Could the terrorists be winning?

Published: Wednesday, April 24, 2013 at 04:08 PM.

I will start out by admitting feeling presumptuous to write about the events in Boston last week, not being from Boston and not having experienced the events myself. Those in the midst of the terror have a far better understanding — and more right to comment on the events than me.

My son in-law’s brother, for instance, would not be presumptuous to write about the Boston Marathon bombing and its aftermath. He is a native Bostonian. He and his wife and daughter were celebrating Patriot’s Day and the marathon downtown and were forced to walk home after the bombing because public transportation shut down.

A few days later he took a picture of a special weapons and tactics (SWAT) team just outside his front door in Watertown, Mass., less than a mile from the boat — and on the same day — where the youngest of the two accused terrorist brothers, Dzhokhar Tsarnaev, took refuge before he was captured.

But allow me my presumptuousness and allow me to write that with my non-Bostonian mindset and my limited exposure to the events through the media that I think the local, state and federal governments and law enforcement personnel did a great job with the case of the Boston Marathon bombing and its aftermath.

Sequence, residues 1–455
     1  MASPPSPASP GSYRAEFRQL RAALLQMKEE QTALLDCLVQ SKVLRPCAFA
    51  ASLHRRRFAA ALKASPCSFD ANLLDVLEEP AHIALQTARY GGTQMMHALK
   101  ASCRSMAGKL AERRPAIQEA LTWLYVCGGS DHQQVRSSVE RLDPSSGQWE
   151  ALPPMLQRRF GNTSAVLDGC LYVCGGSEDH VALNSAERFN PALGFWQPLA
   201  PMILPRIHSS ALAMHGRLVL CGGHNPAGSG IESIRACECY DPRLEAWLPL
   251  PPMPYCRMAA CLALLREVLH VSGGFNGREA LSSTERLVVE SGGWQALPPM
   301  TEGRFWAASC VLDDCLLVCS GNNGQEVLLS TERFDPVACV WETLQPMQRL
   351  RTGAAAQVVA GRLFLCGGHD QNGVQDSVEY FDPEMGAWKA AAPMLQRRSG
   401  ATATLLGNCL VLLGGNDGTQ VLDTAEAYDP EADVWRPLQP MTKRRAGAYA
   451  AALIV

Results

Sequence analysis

The proof is in the pudding. Except for the tragic killing of MIT police officer Sean Collier, a crime that appears to have been perpetrated by the Tsarnaev brothers, no one else was killed (although some are still struggling in the hospital and we all hope for their full recovery) after the marathon bombing itself on April 15. Dzhokhar Tsarnaev’s older brother Tamerlan Tsarnaev was killed in a gun and improvised explosive device battle with police. Less than 24 hours later, Dzhokhar himself was captured.

Government officials decided rightly to shut down public transportation and lock down most of the Boston metro area after the gun battle to protect citizens and allow law enforcement the best chance to capture Dzhokhar. And then when police did not capture him in the cordoned-off areas in which they expected to find him, government officials lifted the lockdown or so-called "shelter in place request" of citizens and allowed businesses to reopen and public transportation to run again.

So again presumptuously, and given the circumstances of the horrendous acts allegedly perpetrated by the Tsarnaev brothers, and notwithstanding the tragedy of those innocent citizens and police officers injured and killed, most everything regarding this tragedy went about as well as one could reasonably expect. Yet I can’t shake this nagging sense that our liberty has been further eroded by this bombing.



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